The Potawatomi compact does not call for the taxpayers to reimburse the Tribe. The compact calls for a new casino to do that. In fact, when the 2005 compact was being negotiated, the Kenosha casino had been in the planning and submittal stages for at least 6 years. The Potawatomi compact actually took that into consideration and specifically addresses the possibility of a casino within 30 and 50 miles of their casino.

    What you hear from our governor are talking points from the Potawatomi who have sunk millions and millions into fighting the Kenosha casino. If it was such a slam-dunk, can’t do it, why would the Kenosha casino have been in the works for more than 15 years?

    And, commenter L, do you seriously think that Hard Rock International doesn’t have the cash to back up their proposal?

    Get real.

    • I’m pretty sure we both do not have a 100% clear understanding of the amended compact and a big reason for that is that its legally being debated in regards to how it should be perceived and implemented. Also, the most recent proposal put forth by Hard Rock Casino project group did not promise that they would pay for all the lost income the State of Wisconsin could potentially incur; the Menominee Tribe’s original proposal to have the Casino built did hint that they would pay for any lost income to the State, but they have since re-tracked from that.

      The deal that the Bureau of Indian Affairs (BIA) rejected was indeed the Doyle amendment of the State’s gaming compact. That amendment called for the State of Wisconsin to ensure that the Potawatomi were reimbursed for any financial losses tied to any new casinos built within a specific range of theirs. One legal perspective of that amendment was that the State of Wisconsin was financially responsible; meaning, the taxpayers would be on the hook for any loses incurred. The other legal perspective, which is the one that the BIA has taken with regards to the amendment that they rejected, is that the State of Wisconsin would essentially be a collection agency for mitigating payments between the offending Casino’s owners to the Potawatomi tribe.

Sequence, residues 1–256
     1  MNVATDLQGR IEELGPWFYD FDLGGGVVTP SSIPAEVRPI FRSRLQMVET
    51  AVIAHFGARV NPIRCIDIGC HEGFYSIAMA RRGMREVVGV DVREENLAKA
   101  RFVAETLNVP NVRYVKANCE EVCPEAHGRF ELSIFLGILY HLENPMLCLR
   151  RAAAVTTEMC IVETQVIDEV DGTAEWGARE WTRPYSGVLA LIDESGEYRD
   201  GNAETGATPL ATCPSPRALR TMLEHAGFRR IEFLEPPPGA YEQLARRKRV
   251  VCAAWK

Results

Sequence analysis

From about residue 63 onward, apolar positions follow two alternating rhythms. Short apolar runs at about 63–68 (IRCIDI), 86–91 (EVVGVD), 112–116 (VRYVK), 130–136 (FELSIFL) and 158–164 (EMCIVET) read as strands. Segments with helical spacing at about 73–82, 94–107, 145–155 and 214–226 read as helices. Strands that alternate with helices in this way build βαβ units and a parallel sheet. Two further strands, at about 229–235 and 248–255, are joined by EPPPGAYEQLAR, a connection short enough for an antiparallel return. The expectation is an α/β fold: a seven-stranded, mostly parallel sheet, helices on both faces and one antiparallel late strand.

The Potawatomi remain confident that the rejected amendment will be re-instated by the courts; they have filed a lawsuit within the federal courts looking to have the amendment become legally binding once again. With the deadline for Scott Walker to make a decision being February 19th it would be imprudent of him to give an approving decision to the Hard Rock Casino when it is unknown how the federal courts will rule in regards to the BIA’s rejection of the amendment as well as the clarification of the amendment itself; especially, if the wasn’t a rock solid proposal by the Menominee that would absolve the State of Wisconsin from any potential costs whether that be by fee, penalty, or revenue.

      If the BIA rejection is found to be unlawful and further more if the amendment is clarified to place the responsibility onto the State itself then the risk of massive costs to the State of Wisconsin could be in the hundreds of millions of dollars and over multiple years. Not to mention, the Potawatomi would likely sue the State of Wisconsin which would also bring additional costs. Anyways, while I am a supporter of building the new Casino based solely on wishing to see the jobs added to the State as well as the potential economic boom for that particular area I don’t pretend to fully understand ever tiny detail of the discussions that are being had nor the potential ramifications that could afflict the state; therefore, I leave the matter up to the State leaders who have proven to me thus far, or at least in my opinion they have proven, to have the taxpayers’ best interests in mind so if they don’t think its a wise decision to allow the Casino to be built out of concern for the State’s future revenue than so be it.